Fake or a Victim of Colonization?

Funny story: I applied for the Director of the Native American Program at Dartmouth. I made it to the second round of interviews, but I didn't get it. However, I am very glad to see the position filled. Natives need support to navigate the higher education system.

My disagreement with the Inside HigherEd article Indian Enough for Dartmouth? is not about the discussion of Susan Taffe Reed’s appointment as director of the Native American Program, nor is it about her Native identity. I am concerned about the way Indian Enough for Dartmouth? talks about the legitimacy of Reed’s tribal community’s identity. Namely, she belongs to a community that is not state or federally recognized—which, according to the reasoning behind the HigherEd article, makes the community “fake.”

Those of us familiar with state and federal recognition processes know (1) the history of how the process came to be (i.e., colonization), (2) about the politics surrounding the process (i.e., colonization), and (3) why it is difficult to gain recognition (i.e., colonization). Yes, colonization.

There are two ways for a community to gain federal recognition: an act of the United States Congress, or approval from the Bureau of Indian Affairs. According to the Bureau of Indian Affairs Office of Recognition, tribes petitioning for recognition must prove their status as a tribe through a compelling amount of “anthropological, genealogical and historical” evidence—in other words, the community must pay academic consultants and experts to compile a significant body of evidence to prove their tribal status (this takes time and money). Currently there are a number of communities across the U.S. that have maintained social, cultural and political cohesion (in light of surviving numerous horrendous acts committed against them by the government) that are not recognized. Moreover, there are also a number of communities that have spent decades petitioning for federal recognition—only to be denied.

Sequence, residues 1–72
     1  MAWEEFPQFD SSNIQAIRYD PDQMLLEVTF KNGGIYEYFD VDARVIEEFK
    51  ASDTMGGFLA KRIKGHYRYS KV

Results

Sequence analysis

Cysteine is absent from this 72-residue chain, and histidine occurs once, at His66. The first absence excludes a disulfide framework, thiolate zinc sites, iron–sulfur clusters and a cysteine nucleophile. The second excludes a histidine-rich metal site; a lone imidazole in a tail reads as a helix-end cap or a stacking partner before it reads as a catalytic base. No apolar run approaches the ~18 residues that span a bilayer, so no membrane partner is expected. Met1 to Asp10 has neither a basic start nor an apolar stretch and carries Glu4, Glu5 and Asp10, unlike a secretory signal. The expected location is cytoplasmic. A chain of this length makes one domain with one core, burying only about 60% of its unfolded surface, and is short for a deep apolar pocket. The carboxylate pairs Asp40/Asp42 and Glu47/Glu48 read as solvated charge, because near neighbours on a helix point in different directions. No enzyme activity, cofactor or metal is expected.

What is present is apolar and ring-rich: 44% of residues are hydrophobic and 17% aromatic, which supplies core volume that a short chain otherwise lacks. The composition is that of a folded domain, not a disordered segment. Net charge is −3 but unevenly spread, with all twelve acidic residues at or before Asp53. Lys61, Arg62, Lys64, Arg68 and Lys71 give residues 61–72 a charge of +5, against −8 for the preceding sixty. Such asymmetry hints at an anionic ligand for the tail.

As a general rule of thumb, it is highly problematic, if not borderline disgusting, to degrade a community’s identity and experiences because they have managed to survive genocide but haven’t been able to successfully navigate the lengthy, costly and complex recognition process (that is specifically designed for tribes to fail). So to say “a community is not legitimate because they have been unsuccessful at gaining state or federal recognition” is victim blaming.

Now, I cannot speak to Reed’s identity or her community’s status, because I am unfamiliar with their historical and political contexts. I am not asserting that her community is even a tribe. But what I am raising is an important issue about the underlying assumption of Indian Enough for Dartmouth? Namely, should state and federal definitions of Nativeness (based upon longstanding colonization ideologies) set the bar for measuring the legitimacy of a community’s identity and experiences?

Christie Poitra holds a Ph.D. in Educational Policy from Michigan State University.